Friday, February 1, 2008
If you read this blog, you’re going to see occasional references made to my other (non-blog) writing – articles, poems, novels and non-fiction books. Though I’ll likely only reference works that pertain to Aphrodite, I DO write on other topics. (However, I tend to use pseudonyms to differentiate between themes, so you may have a hard time guessing what else belongs to “my” credit.)
I’ve actually already written and published a non-fiction book about what it means to be a contemporary priestess of Aphrodite. In Her Service: Reflections from a Priestess of Aphrodite was released in October 2007 through Magic Woods Publishing.
Okay, so it’s my own publishing company, and I’m currently using a print-on-demand printer/packager. Whatever. It’s a well-written, well-edited book on decent paper with a slick-looking cover. I didn’t want to mess with traditional Pagan/New-Age publishers because I wanted complete artistic control of my work. I’m also sufficiently aware of the market’s current size – miniscule. So, self-publishing/POD made the most sense for me, despite the pervasive stigma that is attached to it.
I’m working on the marketing, and I’m building up a little head of steam. Folks are buying the book, and I’ve gotten excellent reviews thus far. My goal/desire/intention is to bring Aphrodite’s worship into public consciousness. She has been very rejected for the last 2,000 years in all aspects of life except art. Most people have a very poor understanding of Her role, and that includes Neo-Pagans of every ilk (including Neo-Hellenics).
Simply put: I wrote the book because it didn’t already exist. Very few people have written about what it means to honor any of the Olympians, and none have written about Aphrodite. As a fledgling priestess, several years ago, I had no resources to consult. There were no Yahoo groups until I started Thiasos Aphrodite. I knew of one ritual group in California, led by folks who had been my friends when I lived there. Those were the only people I knew who actively worked with Her. Several Hellenic websites mentioned Her, but most didn’t have any contemporary perspective or information to share, and those that did seemed to think of Her as a lesser figure in the Greek pantheon. Worse still, people continue to write of Her as a vindictive, vain and petty prom-queen-type, when they bother to write of Her at all.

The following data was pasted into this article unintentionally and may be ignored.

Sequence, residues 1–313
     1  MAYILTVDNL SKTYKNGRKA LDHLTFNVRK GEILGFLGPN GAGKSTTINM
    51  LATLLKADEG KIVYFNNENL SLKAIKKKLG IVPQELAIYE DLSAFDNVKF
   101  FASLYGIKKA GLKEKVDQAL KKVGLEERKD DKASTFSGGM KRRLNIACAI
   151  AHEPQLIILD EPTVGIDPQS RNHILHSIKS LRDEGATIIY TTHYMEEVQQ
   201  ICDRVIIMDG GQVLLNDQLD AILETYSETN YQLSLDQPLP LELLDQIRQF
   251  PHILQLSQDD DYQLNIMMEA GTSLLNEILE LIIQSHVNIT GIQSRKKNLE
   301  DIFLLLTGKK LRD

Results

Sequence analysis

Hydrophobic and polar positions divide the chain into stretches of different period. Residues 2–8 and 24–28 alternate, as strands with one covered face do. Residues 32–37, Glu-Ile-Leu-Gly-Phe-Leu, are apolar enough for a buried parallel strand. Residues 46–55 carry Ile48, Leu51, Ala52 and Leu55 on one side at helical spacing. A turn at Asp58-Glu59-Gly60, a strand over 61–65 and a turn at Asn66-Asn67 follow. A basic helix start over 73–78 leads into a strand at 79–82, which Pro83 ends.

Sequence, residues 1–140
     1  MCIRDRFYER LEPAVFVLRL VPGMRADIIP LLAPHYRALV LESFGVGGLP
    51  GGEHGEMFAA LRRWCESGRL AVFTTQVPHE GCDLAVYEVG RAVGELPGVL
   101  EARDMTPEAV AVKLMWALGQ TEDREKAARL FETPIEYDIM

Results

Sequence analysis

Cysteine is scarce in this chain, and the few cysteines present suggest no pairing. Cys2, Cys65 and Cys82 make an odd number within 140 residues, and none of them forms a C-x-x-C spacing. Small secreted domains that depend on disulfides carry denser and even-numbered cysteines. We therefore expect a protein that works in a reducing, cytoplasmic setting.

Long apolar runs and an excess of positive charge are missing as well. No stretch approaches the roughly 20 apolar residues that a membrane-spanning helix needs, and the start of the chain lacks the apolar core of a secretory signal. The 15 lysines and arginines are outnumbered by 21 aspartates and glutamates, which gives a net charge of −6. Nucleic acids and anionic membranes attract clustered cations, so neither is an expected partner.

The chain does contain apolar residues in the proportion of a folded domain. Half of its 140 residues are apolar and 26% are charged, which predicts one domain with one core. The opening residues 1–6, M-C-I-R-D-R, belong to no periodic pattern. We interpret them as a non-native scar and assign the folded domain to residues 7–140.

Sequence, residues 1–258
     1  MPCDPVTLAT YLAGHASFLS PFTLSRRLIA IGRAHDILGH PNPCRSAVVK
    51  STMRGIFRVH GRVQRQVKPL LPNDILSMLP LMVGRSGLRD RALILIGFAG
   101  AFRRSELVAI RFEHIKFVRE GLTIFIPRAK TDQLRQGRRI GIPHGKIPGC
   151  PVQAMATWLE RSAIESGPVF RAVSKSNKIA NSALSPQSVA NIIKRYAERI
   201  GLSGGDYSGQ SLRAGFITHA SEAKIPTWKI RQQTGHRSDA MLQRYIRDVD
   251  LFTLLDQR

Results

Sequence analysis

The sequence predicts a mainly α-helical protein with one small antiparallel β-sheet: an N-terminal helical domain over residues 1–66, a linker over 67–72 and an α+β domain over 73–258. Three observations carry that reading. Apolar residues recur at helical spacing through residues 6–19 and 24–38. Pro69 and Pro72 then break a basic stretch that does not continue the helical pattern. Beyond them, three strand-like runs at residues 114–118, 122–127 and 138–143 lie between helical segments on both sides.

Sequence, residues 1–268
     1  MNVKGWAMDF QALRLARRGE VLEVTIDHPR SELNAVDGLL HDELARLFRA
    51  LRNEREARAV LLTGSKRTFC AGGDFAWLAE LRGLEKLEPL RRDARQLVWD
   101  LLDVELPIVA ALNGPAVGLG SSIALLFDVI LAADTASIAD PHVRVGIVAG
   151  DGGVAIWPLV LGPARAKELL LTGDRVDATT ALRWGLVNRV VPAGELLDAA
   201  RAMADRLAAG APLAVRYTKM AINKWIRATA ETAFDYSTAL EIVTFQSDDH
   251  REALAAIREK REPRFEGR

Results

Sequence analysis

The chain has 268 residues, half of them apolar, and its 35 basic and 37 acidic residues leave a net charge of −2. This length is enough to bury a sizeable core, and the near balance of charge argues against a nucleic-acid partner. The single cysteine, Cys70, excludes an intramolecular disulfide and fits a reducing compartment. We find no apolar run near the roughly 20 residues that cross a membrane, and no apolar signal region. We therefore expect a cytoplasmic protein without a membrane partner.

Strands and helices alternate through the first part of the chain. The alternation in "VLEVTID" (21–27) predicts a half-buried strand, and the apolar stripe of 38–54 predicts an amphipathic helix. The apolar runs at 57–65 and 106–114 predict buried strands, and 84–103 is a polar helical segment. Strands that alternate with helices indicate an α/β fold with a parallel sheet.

I muddled through, though, and learned what I could, where I could. I have worked with Her using reclaiming techniques, and I have conducted exhaustive research into primary resource material. The topics I thought about, read about and talked with others about form the basis of this first offering in Aphroditic service.
This 124-page book discusses (among other topics) issues of self-identifying as a priestess of love, sacred sexuality and temple “prostitution,” the dark aspects of love and beauty, energy exchange and offering, ethics, and enhancing personal grace. I’ve also offered a number of resources, a complete bibliography, and two fully-developed rituals.
It’s a beginning. This is certainly not a complete manual for any man or woman who wants to serve or honor Aphrodite, but it is a starting place. The discussion can continue from here since it has been slow to start elsewhere.
As I continue to write, I’ll keep exploring what it means to be Aphrodite’s priestess. I’m working on a book of rituals as well as a collection of poems. I’ve hit on several topics that I feel I can explore in articles for Pagan publications, and one or two that might make good non-fiction book topics. The first offering that I began (and the one that is taking the longest to bring to fruition) is a novel that I began in January 2004, and I hope to finish the initial draft by May or June of this year so that I can start the editing process – and get to work on subsequent installments in the series.
I hope my fellow priests and priestesses, having heard the summons, will carry on the conversation in their own ways.